The Subway Girls is the charming story of two strong women, a generation apart, who find themselves up against the same eternal struggle to find an impossible balance between love, happiness, and ambition.

My Review:

I like reading women’s fiction and historical fiction, I have had issues finding books that can focus on both of those genres. They are few and far between. So when I read the blurb for The Subway Girls, I almost didn’t get this book. I almost passed it over. I am glad that I didn’t because I would have missed a fantastic book that takes place in 1949 and present day.

I liked how the storylines mirrored each other. I didn’t get confused when going between the time periods because they were doing (or trying to get into) the same field of work. Even the mindset of the men (past and present) were the same. The only time the storylines stopped mirroring each other was when Charlotte was in the Miss Subways contest and Olivia was working on finding a way to keep her job. Even then, it was only for a couple of chapters. Then it was right back to mirroring each other.

I thought Charlotte was progressive for her time. She was trying to get into a field that was dominated by men (think Don Draper). She was optimistic until she got the last rejection letter. I liked how she called the guy and told him to keep her in mind. She had no real interest in doing the beauty contest, she entered on a whim. She needed the money but thought that she would at least have a job if they got back to her. I loved her reaction to being asked to do something that she was uncomfortable with. I was chanting “You go girl” the entire time.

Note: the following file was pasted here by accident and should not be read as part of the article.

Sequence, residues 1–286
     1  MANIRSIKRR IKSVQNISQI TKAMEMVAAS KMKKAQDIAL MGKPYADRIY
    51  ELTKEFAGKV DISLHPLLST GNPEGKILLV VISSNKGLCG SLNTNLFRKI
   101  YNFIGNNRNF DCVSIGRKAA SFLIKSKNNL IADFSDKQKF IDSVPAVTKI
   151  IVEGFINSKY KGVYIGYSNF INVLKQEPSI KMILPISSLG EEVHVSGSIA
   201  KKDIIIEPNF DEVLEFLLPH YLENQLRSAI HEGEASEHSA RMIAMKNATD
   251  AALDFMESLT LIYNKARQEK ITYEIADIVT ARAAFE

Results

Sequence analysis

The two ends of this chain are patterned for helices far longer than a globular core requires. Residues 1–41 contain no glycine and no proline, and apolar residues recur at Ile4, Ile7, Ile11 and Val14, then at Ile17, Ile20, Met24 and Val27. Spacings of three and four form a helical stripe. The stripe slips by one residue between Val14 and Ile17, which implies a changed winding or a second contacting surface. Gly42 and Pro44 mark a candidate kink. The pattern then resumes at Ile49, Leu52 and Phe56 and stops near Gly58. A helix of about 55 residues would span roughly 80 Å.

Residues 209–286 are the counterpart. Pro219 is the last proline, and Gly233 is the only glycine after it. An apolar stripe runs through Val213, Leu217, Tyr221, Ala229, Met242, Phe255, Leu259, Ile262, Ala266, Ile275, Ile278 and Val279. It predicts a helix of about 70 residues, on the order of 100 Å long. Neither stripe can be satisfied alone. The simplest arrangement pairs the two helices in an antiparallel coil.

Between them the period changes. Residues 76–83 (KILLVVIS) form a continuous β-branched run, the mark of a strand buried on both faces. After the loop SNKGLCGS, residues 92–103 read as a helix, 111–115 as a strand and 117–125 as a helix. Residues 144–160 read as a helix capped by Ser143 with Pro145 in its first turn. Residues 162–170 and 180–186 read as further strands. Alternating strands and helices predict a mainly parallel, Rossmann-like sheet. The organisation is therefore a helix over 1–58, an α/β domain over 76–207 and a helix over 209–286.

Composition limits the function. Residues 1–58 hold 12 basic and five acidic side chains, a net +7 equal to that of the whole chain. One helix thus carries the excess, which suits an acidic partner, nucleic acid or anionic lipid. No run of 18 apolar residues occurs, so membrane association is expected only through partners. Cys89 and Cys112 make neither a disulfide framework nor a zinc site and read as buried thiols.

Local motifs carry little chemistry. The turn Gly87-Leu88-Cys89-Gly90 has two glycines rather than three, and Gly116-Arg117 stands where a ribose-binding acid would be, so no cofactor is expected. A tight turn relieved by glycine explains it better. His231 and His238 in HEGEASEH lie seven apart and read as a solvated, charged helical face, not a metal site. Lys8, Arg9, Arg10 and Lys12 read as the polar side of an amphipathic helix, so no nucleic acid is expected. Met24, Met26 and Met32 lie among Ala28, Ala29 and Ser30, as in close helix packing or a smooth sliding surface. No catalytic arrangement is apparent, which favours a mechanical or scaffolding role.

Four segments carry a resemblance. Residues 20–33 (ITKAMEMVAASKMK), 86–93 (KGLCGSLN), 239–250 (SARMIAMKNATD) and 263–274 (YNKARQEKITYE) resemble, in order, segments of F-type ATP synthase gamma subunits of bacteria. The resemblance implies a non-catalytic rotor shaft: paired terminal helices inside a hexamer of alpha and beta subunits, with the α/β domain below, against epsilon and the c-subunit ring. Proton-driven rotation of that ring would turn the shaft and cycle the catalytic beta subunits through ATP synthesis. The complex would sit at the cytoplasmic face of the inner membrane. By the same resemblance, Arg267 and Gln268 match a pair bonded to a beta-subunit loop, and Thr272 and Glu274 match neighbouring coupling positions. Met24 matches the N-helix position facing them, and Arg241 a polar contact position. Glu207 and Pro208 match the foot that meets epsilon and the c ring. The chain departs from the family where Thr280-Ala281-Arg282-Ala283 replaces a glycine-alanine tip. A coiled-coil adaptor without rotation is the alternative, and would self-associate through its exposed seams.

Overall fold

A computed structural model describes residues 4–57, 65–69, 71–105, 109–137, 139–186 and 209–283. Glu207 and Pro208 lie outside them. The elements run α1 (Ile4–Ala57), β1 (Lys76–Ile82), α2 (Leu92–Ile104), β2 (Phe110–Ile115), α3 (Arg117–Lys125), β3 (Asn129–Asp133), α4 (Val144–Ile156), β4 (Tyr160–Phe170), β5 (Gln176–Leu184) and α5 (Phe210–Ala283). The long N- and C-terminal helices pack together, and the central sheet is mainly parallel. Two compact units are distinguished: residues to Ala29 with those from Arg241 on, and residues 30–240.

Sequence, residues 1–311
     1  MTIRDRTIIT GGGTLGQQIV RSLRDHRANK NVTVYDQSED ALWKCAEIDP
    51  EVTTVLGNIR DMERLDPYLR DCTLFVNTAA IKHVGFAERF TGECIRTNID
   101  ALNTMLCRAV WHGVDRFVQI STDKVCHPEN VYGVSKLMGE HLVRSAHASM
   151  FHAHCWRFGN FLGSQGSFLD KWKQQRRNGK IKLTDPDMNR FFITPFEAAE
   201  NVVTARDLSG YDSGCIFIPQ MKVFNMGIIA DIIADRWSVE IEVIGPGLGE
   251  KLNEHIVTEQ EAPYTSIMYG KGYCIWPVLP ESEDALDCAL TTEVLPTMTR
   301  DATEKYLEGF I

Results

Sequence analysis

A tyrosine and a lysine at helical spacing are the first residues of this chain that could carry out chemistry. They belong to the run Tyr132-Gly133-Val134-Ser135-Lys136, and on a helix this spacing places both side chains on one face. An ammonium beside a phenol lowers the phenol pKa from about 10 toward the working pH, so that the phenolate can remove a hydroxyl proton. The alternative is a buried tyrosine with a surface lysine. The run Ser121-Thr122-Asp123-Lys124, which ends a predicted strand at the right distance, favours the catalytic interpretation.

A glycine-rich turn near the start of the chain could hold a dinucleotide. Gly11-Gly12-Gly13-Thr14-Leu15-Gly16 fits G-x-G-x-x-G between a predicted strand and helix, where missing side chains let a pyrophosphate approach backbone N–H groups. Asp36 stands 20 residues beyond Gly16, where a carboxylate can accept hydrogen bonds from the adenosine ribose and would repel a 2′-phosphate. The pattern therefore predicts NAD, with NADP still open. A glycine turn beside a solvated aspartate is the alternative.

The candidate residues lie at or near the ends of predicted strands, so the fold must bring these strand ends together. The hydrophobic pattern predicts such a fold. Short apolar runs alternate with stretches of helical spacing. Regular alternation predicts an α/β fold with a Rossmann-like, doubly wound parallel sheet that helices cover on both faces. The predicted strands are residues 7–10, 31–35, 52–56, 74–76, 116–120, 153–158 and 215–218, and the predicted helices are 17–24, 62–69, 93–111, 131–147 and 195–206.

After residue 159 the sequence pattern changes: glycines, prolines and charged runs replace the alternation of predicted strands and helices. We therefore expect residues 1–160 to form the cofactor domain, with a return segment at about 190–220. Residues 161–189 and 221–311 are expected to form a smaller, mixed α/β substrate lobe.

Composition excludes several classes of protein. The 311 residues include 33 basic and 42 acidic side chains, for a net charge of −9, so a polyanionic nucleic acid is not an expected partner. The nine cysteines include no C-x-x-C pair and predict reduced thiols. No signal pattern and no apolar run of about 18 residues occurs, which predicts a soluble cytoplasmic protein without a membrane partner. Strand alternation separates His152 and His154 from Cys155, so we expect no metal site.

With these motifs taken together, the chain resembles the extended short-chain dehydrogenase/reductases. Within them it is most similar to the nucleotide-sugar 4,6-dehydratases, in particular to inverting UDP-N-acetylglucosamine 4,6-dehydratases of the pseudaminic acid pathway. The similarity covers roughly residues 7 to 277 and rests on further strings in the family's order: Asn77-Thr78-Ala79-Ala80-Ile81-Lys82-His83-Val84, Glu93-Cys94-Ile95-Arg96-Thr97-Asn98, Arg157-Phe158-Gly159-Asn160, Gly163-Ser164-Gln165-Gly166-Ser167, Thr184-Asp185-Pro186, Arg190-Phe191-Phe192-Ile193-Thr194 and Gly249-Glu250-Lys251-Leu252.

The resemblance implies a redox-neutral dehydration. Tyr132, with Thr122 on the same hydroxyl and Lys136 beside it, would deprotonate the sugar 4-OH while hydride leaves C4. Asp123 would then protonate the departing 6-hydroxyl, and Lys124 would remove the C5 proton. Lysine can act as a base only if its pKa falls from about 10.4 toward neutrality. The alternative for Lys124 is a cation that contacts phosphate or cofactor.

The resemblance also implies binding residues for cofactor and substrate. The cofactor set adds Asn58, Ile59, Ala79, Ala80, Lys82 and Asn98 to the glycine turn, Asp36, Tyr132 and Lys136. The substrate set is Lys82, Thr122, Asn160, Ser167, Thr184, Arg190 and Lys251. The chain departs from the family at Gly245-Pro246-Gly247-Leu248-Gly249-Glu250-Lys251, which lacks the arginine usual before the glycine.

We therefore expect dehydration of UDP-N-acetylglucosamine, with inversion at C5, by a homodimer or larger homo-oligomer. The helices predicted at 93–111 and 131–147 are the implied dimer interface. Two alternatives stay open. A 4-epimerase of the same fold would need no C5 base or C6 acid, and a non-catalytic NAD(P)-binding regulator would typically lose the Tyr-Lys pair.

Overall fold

I liked Olivia but I felt that she wasn’t as developed as Charlotte’s character was at first. Then she gained depth. She was a strong person but she also had a certain vulnerability to her. I didn’t get her being in love with her boss. I felt that the book didn’t have to go that way. I also felt that her co-worker was a little too hostile to women. Considering what happened at the end of the book, I wasn’t surprised. But still. I liked how she made time for her elderly next door neighbor and her grandson.

Rose’s betrayal set the tone for the last half of the book. Not going to get into it but Charlotte did the absolute right thing when she did what she did.

I loved how the author brought the two storylines together. How I didn’t see what I didn’t see is beyond me. The author did a great job at keeping Ben’s grandmother’s identity a secret. There were a few red herrings thrown out. Same goes for Olivia’s Subway Girls revival. I was so mad when the events happened the way they did.

I should mention that the contest was based on a contest that was run in New York City. The author had an afterward where she described how she took that contest and made it her own.

The end of the book cleared up some details that I figured out but needed to see in print. I like that it ended happily but realistically.

What I liked about The Subway Girls:

A) That it was based on a real contest.

B) Well developed characters

C) Interesting plot with plot twists that I didn’t see coming.

What I disliked about The Subway Girls:

A) Olivia’s relationship with her boss.

B) Charlotte not being taken seriously in her career choice

C) Rose’s betrayal